It was thanks to a new course offered in Spring 2013 that Gaylord’s production skills and Arabic studies coalesced around hip-hop. When Azeddine Chergui developed the class, called Arabic Dialect Through Music, his main idea was to help students connect the language spoken in the classroom, Modern Standard Arabic, to the language they’d hear on the street in, say, Egypt or Lebanon. But Chergui had other ideas, too. One of them was that music would be a great way for students to engage the flood of cultural production that followed in the wake of Arab Spring, when hip-hop emerged as an especially potent form of protest.
The most conspicuous proof of the connection students could make to this music was a video posted on YouTube last April, featuring four Duke students—Mayyadda Major, Desmond Lee, Lawrence Nemeh, and Gaylord. The song they covered, “No to Dictatorship,” was a collaboration between four Sudanese musicians, created the previous summer. They declared that they were “from different tribes, backgrounds and geographic locations” but “united… as one mic and as one voice,” in pointed defiance of the Sudanese regime’s divisive rhetoric.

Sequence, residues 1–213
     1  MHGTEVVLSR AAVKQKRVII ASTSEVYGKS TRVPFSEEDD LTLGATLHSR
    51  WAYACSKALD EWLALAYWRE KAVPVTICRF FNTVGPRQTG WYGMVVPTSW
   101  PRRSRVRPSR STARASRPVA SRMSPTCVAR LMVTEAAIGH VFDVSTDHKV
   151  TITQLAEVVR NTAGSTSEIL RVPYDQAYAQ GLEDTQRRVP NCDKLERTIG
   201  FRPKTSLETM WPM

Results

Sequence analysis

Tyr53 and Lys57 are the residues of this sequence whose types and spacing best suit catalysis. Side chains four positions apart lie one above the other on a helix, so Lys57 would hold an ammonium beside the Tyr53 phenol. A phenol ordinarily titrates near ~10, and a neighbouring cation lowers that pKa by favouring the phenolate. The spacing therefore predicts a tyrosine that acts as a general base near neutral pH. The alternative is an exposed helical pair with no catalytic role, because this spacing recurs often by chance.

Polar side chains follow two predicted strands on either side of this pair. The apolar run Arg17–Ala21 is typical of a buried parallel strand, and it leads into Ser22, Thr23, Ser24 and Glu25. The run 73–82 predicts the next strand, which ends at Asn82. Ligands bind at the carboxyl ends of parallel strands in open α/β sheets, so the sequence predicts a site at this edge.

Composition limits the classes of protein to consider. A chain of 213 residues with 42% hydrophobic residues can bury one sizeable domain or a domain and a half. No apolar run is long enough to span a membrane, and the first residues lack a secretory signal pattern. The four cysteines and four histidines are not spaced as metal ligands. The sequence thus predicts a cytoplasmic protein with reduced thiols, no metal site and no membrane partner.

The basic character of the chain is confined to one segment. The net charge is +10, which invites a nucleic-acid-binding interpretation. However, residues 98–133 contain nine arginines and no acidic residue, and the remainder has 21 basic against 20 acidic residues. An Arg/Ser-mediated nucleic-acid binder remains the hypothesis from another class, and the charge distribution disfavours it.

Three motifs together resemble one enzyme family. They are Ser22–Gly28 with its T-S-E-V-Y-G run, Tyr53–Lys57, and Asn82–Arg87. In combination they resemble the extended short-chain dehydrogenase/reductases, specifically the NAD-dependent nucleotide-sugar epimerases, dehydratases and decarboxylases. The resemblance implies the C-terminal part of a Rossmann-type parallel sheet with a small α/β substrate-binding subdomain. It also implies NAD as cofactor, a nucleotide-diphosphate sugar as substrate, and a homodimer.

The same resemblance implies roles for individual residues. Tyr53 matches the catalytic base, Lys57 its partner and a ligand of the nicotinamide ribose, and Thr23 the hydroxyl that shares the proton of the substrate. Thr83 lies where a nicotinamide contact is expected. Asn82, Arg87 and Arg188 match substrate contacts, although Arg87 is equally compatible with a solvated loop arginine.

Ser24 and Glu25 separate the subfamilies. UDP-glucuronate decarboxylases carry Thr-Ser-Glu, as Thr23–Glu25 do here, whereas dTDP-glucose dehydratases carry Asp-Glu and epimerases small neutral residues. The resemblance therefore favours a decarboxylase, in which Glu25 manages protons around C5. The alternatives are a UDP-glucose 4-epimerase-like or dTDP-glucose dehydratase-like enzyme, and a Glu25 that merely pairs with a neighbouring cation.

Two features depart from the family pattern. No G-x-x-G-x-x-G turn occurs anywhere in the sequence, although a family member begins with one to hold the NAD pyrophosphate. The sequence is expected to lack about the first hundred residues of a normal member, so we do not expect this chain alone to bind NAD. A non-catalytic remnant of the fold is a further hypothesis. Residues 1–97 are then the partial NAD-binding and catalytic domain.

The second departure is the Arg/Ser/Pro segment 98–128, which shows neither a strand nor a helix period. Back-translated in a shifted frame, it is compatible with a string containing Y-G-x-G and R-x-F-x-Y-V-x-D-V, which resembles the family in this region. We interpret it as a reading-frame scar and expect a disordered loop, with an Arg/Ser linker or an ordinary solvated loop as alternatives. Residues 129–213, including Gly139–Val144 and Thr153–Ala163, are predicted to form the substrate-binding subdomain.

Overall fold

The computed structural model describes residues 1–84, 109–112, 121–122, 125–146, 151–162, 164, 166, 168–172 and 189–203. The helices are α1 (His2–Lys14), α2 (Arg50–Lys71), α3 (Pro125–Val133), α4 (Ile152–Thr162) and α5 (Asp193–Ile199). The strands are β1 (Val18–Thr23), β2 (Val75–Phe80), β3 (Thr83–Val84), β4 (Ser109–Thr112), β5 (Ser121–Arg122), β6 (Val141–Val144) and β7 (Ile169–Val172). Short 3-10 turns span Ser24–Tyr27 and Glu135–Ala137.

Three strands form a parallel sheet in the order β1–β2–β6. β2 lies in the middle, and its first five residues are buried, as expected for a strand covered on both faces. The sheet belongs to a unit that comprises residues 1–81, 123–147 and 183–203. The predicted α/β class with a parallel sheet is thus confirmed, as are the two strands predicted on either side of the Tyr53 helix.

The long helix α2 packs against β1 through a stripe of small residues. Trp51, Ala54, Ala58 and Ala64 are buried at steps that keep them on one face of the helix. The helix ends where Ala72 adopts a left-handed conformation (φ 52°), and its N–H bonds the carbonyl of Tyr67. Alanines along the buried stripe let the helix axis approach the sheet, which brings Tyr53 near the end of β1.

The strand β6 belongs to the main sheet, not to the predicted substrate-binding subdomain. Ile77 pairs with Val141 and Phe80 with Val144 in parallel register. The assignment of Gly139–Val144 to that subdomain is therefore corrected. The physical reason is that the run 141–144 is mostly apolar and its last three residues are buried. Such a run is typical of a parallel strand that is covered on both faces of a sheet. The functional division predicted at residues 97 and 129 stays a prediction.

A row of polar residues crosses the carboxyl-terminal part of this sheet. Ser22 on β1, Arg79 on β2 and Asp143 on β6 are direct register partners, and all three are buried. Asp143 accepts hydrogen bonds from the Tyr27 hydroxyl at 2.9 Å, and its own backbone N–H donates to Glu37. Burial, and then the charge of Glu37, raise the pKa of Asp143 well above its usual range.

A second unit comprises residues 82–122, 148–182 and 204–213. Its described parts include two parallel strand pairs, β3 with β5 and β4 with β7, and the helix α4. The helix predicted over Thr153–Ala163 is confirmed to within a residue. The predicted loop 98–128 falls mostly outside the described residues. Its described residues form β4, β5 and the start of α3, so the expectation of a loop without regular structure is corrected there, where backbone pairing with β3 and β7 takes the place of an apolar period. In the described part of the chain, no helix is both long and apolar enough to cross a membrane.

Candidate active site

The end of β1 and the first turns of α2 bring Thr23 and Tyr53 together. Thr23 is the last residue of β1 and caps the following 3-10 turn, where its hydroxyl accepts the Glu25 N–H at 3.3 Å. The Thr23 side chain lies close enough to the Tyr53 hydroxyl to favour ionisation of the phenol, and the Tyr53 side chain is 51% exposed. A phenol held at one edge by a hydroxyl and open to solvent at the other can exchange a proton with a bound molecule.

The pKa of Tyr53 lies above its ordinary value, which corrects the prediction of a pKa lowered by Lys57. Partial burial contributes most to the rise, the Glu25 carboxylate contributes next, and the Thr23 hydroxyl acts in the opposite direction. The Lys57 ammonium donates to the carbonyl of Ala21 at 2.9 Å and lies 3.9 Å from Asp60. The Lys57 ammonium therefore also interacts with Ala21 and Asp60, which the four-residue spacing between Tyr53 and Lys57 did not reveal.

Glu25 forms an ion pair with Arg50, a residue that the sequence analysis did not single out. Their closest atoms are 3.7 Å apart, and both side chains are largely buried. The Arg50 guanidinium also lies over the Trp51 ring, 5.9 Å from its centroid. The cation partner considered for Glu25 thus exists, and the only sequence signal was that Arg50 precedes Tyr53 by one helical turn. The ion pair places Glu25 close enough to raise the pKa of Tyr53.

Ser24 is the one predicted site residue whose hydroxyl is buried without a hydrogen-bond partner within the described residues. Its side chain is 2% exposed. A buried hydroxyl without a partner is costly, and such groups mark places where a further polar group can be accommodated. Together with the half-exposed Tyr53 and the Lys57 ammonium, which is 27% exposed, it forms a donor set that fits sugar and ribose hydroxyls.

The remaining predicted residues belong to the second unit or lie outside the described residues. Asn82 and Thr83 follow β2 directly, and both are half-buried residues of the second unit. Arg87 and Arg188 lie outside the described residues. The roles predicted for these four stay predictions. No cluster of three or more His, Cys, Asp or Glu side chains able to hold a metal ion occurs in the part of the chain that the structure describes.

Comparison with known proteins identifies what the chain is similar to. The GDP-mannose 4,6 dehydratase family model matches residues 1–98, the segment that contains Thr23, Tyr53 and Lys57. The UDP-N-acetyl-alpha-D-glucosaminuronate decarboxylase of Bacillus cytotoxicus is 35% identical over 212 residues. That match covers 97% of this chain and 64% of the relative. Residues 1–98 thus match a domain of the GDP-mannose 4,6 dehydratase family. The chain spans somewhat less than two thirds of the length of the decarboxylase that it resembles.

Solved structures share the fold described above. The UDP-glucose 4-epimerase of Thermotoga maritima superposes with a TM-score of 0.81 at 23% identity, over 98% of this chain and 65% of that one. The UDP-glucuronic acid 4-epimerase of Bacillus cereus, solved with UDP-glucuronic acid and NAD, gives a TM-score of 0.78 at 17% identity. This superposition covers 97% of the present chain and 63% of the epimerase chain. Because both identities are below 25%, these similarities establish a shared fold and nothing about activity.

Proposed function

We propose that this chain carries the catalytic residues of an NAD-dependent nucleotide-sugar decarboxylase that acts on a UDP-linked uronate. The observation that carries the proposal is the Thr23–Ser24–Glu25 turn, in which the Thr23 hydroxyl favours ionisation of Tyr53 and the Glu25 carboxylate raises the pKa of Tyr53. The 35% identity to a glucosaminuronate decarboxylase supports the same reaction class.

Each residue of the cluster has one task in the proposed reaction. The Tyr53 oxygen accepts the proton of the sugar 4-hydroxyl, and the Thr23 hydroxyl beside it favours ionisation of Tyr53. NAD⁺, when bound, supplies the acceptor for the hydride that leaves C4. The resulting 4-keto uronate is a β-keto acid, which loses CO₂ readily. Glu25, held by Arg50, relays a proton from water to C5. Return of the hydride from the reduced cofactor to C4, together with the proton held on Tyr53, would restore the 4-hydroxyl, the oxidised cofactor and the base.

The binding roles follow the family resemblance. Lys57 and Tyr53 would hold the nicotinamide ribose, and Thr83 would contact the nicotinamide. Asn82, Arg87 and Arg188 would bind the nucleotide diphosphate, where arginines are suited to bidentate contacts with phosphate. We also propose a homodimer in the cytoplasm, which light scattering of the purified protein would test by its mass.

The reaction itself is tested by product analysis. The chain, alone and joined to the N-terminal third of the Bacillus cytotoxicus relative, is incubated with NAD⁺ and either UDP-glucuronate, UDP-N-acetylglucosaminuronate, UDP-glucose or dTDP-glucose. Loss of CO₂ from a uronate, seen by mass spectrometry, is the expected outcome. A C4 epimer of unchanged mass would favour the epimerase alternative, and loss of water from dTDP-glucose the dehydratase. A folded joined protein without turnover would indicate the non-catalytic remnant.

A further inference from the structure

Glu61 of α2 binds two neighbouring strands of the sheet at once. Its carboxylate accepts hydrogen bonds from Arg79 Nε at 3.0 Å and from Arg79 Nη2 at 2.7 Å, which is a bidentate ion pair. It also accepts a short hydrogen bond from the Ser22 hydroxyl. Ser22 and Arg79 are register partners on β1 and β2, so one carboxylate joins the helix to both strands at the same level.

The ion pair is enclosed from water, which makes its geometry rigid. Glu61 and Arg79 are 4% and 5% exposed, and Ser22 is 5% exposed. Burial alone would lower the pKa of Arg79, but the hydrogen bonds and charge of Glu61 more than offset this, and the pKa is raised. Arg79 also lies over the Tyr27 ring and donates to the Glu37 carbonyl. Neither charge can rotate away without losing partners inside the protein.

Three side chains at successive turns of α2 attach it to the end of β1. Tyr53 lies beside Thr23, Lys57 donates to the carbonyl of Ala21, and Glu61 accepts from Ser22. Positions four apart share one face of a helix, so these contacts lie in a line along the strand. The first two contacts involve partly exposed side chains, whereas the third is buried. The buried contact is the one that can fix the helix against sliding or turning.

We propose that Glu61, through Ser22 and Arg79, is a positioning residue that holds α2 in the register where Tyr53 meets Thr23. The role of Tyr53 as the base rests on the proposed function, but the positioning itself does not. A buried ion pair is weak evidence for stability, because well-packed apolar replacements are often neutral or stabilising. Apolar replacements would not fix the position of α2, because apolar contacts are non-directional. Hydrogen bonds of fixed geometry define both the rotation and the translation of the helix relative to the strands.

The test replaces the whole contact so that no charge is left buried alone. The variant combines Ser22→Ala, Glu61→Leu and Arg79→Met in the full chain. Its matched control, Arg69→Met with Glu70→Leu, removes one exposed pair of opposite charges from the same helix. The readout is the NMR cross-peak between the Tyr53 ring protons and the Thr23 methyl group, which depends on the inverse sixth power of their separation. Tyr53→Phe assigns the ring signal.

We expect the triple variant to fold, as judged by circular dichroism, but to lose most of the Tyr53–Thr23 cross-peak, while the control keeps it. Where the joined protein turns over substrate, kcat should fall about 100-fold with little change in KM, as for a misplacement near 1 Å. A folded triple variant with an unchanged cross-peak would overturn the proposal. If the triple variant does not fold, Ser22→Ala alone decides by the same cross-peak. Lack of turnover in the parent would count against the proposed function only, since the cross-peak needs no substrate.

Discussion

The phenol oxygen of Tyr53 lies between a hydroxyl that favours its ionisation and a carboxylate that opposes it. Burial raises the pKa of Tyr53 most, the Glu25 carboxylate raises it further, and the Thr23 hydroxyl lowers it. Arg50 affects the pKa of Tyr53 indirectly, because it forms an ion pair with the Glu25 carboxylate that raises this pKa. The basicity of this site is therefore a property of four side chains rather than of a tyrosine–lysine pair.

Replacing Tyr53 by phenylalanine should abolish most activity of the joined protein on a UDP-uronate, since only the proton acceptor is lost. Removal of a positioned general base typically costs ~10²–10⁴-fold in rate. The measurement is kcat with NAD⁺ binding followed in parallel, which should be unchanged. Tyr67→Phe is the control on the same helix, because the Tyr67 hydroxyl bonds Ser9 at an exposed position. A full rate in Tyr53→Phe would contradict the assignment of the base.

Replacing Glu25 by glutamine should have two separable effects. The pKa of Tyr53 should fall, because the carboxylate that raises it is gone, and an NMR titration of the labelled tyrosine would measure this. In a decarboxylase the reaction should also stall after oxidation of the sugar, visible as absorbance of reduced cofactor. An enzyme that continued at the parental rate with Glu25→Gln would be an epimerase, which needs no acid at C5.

The Duke version presents a striking juxtaposition of language and image. Turn off the sound and what you see is four American college students making the characteristic gestures of American hip-hop. The setting is all-American, too, especially for viewers familiar with Duke. Lawrence Nemeh’s lively video plays on the sharp contrast between two iconic campus backdrops, the graffiti bridge and the Chapel.